Last chance to see: Philippe Malouin’s multifunctional steel furniture is made from found objects
Athens’ The Breeder gallery presents a series of steel furniture works by Philippe Malouin. Titled ‘Steel Works’, the exhibition marks the Canadian, London-based designer’s solo debut in Athens, and merges an industrial design language with a bright palette of saturated hues. The collection was previewed at the gallery’s booths at Frieze London 2021 and Fiac, before being shown in its entirety in Athens.
Featuring sculptural steel furniture and lighting design, the collection merges Malouin’s focus on craft and industrial design. The pieces’ forms are achieved through compositions of basic components, objects found by the designer in scrapyards in Greece and the UK.
Steel furniture by Philippe Malouin
Manufactured between Brighton and Athens, the process is inspired by the Dadaist découpé tradition, which involves cutting up and rearranging parts (usually text). ‘Sourcing steel objects instinctively and rearranging them ad hoc, Malouin’s intention is to create new meaning and value,’ reads a text introducing the works. The results are multifunctional ‘hybrid objects’ that create an interplay between two- and three-dimensional forms and challenge our perception.
The collection includes a chair made from a bench bracket from an Athens park and a 20kg bodybuilding plate, a lamp made with an I-beam, and a mobile workstation based on a lawn bowling roller and seat. These found objects are combined with standard construction elements such as pipes, plates, brackets, and rebars. The collection’s vivid colours represent the manufacturing location, with red and green for the UK, and blue and light blue for Greece.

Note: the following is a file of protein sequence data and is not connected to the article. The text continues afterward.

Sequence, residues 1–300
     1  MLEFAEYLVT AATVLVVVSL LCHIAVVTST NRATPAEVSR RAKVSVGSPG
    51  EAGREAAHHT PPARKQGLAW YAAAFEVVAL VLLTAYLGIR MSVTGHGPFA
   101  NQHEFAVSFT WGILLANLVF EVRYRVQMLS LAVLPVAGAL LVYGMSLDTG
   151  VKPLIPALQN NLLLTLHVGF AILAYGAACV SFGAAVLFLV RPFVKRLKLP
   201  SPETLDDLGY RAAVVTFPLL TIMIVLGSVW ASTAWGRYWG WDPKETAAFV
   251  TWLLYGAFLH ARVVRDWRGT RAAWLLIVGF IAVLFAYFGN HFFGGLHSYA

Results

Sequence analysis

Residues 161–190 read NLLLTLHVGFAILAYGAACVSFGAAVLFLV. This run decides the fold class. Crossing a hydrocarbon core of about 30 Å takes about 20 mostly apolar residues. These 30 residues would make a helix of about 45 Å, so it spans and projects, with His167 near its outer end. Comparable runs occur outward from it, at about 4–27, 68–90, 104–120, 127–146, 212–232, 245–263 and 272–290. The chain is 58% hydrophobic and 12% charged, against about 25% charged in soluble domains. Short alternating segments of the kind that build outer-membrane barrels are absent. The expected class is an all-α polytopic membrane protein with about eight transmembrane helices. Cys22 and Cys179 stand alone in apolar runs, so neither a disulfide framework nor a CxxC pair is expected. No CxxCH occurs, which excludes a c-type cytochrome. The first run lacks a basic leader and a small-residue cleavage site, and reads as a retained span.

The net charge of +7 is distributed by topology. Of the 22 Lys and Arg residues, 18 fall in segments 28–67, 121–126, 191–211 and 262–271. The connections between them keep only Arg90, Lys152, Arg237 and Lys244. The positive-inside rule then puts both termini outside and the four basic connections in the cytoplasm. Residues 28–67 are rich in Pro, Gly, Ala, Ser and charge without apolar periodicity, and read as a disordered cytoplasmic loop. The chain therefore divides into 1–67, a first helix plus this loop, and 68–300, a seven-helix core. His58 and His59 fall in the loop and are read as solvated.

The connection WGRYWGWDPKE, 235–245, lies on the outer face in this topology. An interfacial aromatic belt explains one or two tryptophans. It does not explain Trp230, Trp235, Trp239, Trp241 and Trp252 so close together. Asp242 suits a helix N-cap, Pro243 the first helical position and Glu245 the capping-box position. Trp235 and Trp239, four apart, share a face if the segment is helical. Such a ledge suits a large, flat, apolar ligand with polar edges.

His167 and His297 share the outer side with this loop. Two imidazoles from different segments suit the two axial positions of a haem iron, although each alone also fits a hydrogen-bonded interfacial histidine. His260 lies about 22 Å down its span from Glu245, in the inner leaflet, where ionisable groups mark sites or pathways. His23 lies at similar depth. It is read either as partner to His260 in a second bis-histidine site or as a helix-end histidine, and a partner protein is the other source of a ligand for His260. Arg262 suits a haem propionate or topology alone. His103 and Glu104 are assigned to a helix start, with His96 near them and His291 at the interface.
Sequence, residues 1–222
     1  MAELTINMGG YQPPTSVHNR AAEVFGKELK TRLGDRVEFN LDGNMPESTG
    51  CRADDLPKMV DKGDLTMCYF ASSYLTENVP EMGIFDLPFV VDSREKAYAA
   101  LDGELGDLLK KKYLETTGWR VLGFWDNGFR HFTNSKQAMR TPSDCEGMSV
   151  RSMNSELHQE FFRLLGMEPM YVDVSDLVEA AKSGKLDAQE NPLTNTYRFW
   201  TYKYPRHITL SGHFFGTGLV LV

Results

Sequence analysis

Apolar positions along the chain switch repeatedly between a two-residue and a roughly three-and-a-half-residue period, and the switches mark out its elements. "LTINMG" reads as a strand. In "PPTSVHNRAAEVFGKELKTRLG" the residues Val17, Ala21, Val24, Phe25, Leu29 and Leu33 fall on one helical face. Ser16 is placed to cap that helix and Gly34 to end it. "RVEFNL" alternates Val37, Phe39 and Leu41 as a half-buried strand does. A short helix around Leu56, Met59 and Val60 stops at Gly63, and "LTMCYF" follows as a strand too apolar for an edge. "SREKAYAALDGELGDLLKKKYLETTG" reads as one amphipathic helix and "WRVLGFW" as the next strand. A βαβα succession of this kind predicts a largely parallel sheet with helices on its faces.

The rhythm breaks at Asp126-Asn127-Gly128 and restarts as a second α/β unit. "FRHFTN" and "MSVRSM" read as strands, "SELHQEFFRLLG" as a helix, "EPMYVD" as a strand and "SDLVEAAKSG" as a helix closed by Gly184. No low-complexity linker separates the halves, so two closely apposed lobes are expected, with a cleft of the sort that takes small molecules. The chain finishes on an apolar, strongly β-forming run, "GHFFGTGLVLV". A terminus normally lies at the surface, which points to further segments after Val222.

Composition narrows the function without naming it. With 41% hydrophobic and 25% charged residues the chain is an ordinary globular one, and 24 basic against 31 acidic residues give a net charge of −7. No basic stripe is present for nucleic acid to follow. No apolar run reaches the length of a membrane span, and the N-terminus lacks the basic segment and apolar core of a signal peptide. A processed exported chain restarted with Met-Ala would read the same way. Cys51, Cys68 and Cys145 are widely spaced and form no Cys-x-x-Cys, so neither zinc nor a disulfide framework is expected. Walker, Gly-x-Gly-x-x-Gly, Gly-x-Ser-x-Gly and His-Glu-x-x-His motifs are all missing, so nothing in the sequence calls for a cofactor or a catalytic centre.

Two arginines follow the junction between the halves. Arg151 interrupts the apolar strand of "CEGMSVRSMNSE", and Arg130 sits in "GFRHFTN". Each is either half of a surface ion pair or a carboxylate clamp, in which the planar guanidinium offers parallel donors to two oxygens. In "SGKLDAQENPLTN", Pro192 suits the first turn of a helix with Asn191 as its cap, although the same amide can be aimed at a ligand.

An ongoing fascination of Malouin’s is finding everyday materials and repurposing them as the base of his desirable designs – case in point his ‘Press’ mirror for Umbra Shift, an intuitive design object made by simply pressing and polishing a steel tube, or the more intricate design of the series of ‘Turntables’ he created for the Museum of Santa Barbara, whose design is based on a standard circular groove, which had intrigued the studio’s team.
‘They are ultimately artistic manifestations where their functionality is not always delineated,’ states The Breeder gallery introduction to Malouin’s new works. ‘By probing its boundaries to and beyond the limits, Malouin creates here a rather surprising language of form.’ §